Ever wondered how there are so many good stock photos out there? And how they got taken?
Have you also downloaded one and had to settle “for almost but not quite right”?
Maybe you’ve got fed up looking for the right one and just settled for something free and second rate.
Well, ‘you’ can take your own.
If you know your way around a camera or even a smartphone you can take the image
you need to display for your business.
Don’t get me wrong I’m not against stock photos. They have their place.
But most small businesses often can’t afford to use the good ones.
So, they end up looking for free ones, which has a big cost in time, and then use them, more often
than not, for their online presence and a lot of these free ones are just not good enough.
In this article by Paul Suggett of the Balance. He uses the analogy of stock photography being
the “off the shelf clothing” and either your own or your photographer’s photos being the made to
measure that “fits you like it fits no one else”
Of course any Stock photo you use is not exclusive to you which can create other issues.
For more on that read Why stock images are bad for business!
But you can take a leaf out of the stock photography industry and follow these rules to take
your own purpose taken image.
Most *stock photographers use these following elements when taking stock photography.
Four Basic Elements of Stock photography
2. People (Model/S)
Let’s break this down:
Almost as important as the subject matter. Simplicity and Clarity are the keys here.
You want to ensure that the background doesn’t have distractions.
Choose a background that’s uncluttered and depicts the story that you want to tell.
For example, say you have a kitchen product, then use an actual kitchen or at least
have a background that looks like a kitchen.
The Kitchen needs to be a fairly bland kitchen with no other brands or appliances obvious.
Using contrast between the people, your subject and the background can give the image a
3-dimensional feel (without photo-shopping)
2. People (Model/S)
A vast majority of stock photos have people. People evoke emotion and interest.
In the Kitchen product example, ideally you would have someone using it.
Make sure they are posing naturally not as if this a family photo or portrait.
You want to convey the feel that you as the photographer are a fly on the wall and
not make it look staged.
If you are going to use the image for commercial or marketing use, ensure you get the model,
even if it’s your Aunt Amy, to fill out a model release. Just in case you fall out with the old girl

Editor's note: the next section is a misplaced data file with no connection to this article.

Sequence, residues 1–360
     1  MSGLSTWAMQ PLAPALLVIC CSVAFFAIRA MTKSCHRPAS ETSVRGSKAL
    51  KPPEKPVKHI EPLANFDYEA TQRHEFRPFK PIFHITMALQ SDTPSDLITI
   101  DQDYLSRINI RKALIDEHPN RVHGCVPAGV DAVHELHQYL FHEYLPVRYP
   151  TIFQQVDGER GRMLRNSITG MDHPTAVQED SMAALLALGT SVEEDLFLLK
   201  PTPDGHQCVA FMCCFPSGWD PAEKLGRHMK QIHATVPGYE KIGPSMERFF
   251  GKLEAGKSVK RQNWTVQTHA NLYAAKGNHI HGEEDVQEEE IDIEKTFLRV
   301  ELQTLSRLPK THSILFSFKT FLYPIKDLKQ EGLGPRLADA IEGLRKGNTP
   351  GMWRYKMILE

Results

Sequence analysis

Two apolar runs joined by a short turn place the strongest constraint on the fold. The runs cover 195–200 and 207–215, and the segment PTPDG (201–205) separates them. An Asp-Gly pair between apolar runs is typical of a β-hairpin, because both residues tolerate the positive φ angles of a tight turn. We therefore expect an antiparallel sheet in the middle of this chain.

and she wants you to pay her in money instead of tea and scones later.
I will cover this issue in a later post. But it’s worth being flagged here.
3. Main subject
This is the main focal point of a stock image. You want it to shine out. Most products, and services are
meant to be used, worn or consumed. Like the Kitchen product show it in use.
But be careful! Don’t go overboard with the subject after all the story you are telling is what
benefit it will bring to your potential customer’s life.
If as another example, you are wine producer just taking images of your label or bottle is not
going to get you sales.
You could depict when is a good time to drink it. A Rose on a warm summers
afternoon, a Riesling matched with Thai food.
This is gives the opportunity to show your subject being used by someone who is really involved.
They should be showing some emotion maybe enjoyment or surprise.
Some images can work better if there is more than one person.
In the kitchen product example, they could be using it and interacting with someone else,
who looks amazed at the results or else could be helping or also using the product.
Remember it’s not a portrait you are after. Even if you have a piece of clothing or Jewellery,
much better to show how people wearing it being active even if it’s only reading a book.
*By the way I have defined a stock photographers as a photographer that takes images for
certain markets. They are not taking images on behalf of a specific client
If you have a product that you are considering taking your own images of then you may be
interested in this article Make sure your Product Image speaks for itself with this Photography Checklist.
At the bottom of that post is a link to download a checklist which will help.
Thanks for reading
Post any comments below. I’d love to hear them.
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